Happy New Year

A bit belatedly, Happy New Year to everyone. Some optimistic wishes for 2008

* The end of the Bush era will prove to be the end of political power for the Republican party in its current (religious right/militarist/pro-rich class warfare) form, and will be followed by a return to reality-based politics

* The crisis in Pakistan will provoke the world’s leaders into serious action on nuclear disarmament. Pretty clearly, unless this happens, nuclear weapons will sooner or later fall into the hands of someone who wants to use them. There was quite a good article in Prospect unfortunately paywalled, making the point that Gordon Brown could take a lead on this if the UK (one of the prime examples of a country maintaining nuclear weapons for no better reason than national pride) was willing to offer disarmament as a bargaining chip.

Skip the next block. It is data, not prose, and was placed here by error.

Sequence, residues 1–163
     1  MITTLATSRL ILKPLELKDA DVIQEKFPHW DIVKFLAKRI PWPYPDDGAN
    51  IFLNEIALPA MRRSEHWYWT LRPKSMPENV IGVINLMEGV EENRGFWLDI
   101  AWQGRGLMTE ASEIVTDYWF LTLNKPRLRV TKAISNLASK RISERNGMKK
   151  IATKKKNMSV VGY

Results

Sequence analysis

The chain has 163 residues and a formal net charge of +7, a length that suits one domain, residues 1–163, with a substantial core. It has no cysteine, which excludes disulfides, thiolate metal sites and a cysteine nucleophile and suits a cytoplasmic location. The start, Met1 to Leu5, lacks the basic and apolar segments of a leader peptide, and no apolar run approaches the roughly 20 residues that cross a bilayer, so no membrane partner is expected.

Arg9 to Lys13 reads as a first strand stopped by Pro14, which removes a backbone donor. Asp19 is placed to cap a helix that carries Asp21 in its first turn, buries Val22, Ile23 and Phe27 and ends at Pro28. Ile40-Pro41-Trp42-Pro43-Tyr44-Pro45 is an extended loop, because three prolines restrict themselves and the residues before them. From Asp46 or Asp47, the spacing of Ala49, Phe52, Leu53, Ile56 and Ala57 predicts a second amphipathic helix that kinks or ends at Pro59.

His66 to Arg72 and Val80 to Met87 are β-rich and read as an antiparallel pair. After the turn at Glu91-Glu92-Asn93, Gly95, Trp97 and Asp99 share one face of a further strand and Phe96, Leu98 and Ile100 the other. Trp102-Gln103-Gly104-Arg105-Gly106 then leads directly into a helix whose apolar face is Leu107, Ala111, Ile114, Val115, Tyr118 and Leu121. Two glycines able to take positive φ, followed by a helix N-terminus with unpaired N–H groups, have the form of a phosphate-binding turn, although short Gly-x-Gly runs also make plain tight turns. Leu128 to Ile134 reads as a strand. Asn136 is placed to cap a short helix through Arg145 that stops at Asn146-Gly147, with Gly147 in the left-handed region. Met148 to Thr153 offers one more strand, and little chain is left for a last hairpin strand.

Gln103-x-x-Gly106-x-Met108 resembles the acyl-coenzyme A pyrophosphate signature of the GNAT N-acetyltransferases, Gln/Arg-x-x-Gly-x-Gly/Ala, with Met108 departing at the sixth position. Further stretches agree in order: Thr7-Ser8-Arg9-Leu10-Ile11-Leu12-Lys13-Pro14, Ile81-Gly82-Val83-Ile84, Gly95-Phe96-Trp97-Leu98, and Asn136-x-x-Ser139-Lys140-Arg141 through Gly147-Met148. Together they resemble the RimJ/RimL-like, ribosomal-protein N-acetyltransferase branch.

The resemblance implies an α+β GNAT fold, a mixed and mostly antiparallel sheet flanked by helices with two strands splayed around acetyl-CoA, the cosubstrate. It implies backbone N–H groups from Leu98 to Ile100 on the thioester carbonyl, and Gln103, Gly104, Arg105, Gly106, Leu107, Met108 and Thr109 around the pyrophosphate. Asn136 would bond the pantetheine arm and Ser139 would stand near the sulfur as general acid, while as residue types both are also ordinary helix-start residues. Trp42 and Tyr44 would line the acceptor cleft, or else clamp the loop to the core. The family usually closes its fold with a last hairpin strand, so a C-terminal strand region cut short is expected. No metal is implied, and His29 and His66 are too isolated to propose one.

* The Rudd government will deliver the goods on education, industrial relations and global warming. Despite some silly mis-steps, I’ve been favourably surprised so far at how well things have turned out.

* The slow-motion financial crisis will stay slow-motion producing a gradual reversal of the explosion of dubious debt derivatives seen over the past decade, and a relatively smooth rebalancing of household and national balance sheets.

32 thoughts on “Happy New Year

  1. Can someone explain please the link between the Pakistan crisis and the nuclear weapon?

    The Democratic record so far doesn’t hold out a lot of hope. You might enjoy this from the Buffalo Beast’s annual roundup of the 50 most loathesome Americans (Number 1 is, of course GWB).